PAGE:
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Social Economy Conference

22/04/2011

Could a social economy business help sustain your group? That is the question women from Belfast considered at the event organised by the Women's Centres Regional Partnership in St Luke's Hall on Tuesday, 29th March.

 

Helen Crickard at Social Economy Conference Belfast


A range of speakers spoke at the event to explain how a social economy business actually works and to demystify this commonly used term. Women heard about how social enterprise can be used to support community groups and charities to help sustain projects and services that benefit people in Belfast and beyond.

As the austerity cuts in funding continue to be implemented, starting and running a social enterprise business could prove valuable to ensure that vital services continue.

Margaret Ward, Chair, Women's Centres Regional Partnership (WCRP) comments,
"The community based women's sector has already made a valuable contribution to the Northern Ireland economy and to the lives of women and their families. The event showcased a number of organisations whose social economy enterprises are helping to sustain their work while also providing significant employment opportunities. Women are running organisations providing childcare, outside catering, community facilitation, plumbing and carpentry services. These examples show that women can be innovative and entrepreneurial. 26% of social enterprises could be described as 'women-led' - almost twice as many compared to small businesses. In Northern Ireland social enterprises account for between 5-8% of economic activity, which is comparable to the tourism industry (5.6%) or construction industry (5.1%). As we look toward the future we hope to encourage more organisations to look at social economy methods in order to sustain community development and service delivery in disadvantaged communities. The social enterprise business model is one with primarily social objectives whose profits are reinvested to support a community project, charity or jobs creation scheme, rather than being driven by the need to maximise profit for shareholders and owners."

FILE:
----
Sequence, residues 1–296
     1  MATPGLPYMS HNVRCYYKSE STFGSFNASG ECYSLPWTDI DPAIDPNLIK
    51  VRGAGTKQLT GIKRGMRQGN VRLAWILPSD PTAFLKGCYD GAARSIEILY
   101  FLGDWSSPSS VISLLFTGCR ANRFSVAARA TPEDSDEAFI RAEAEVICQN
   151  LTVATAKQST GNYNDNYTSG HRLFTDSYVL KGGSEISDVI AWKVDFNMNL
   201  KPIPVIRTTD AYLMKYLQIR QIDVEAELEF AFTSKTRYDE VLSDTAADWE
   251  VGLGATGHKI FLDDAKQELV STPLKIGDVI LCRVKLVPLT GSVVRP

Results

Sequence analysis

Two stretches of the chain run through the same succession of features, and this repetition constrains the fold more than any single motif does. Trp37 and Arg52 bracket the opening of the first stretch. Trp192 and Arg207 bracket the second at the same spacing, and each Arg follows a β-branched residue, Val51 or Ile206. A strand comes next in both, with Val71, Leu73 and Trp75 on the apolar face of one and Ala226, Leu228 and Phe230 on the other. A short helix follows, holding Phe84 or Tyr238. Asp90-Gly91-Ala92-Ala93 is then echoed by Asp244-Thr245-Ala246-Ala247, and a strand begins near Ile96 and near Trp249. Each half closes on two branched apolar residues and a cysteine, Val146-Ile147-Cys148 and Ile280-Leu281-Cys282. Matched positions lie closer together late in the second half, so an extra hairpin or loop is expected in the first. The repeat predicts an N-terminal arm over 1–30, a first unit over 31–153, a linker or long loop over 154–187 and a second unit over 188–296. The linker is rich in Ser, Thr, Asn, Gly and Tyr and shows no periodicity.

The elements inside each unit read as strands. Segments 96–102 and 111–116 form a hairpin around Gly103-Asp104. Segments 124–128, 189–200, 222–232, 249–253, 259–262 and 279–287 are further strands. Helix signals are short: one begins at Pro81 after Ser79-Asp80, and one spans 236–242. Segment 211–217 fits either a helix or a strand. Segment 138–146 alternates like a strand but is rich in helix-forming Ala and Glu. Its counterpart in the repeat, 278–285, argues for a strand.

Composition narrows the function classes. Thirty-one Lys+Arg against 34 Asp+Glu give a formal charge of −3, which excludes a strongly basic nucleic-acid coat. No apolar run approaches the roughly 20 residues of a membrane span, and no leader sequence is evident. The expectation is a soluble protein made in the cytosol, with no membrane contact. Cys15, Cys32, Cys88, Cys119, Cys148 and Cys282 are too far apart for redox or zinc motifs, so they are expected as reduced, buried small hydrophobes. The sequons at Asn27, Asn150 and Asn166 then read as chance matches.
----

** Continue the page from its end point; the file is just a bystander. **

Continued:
A number of successful social economy businesses are already up and running in Belfast and at the conference, some of these groups explained their reasons for setting up, why they chose a social economy business model and the challenges faced and benefits for the local community.

Helen Crickard spoke at the event on the value of non-traditional skills training for women, commenting, "In a recent Equality Commission Report 74% of women in NI cited a lack of confidence in engaging with the construction industry. WOMEN'STEC is the only non-traditional skills training social economy in Northern Ireland. We work in partnership with other organisations to ensure there are work placements for women and that women can develop the necessary skills and qualifications to compete effectively in the marketplace."

Betty Carlisle, MBE, Shankill Women's Centre, comments, "We're delighted the WCRP social economy event showcased our new social economy building 'Small Wonders II' located between the peace line, and set up to provide a neutral base for childcare and educational services. The previously derelict building, funded by the EU Peace III Programme, will soon provide local employment and services for North and West Belfast."

Anne Graham, Director of Social Economy Network, offered support to new ventures, "Successful social economy organisations have a unique contribution to make to the Northern Ireland economy in regenerating disadvantaged communities and areas. Many people have good business ideas but lack confidence or know-how. People may be put off by the current uncertain economic climate, but new businesses can thrive even when economic conditions are tough."

 

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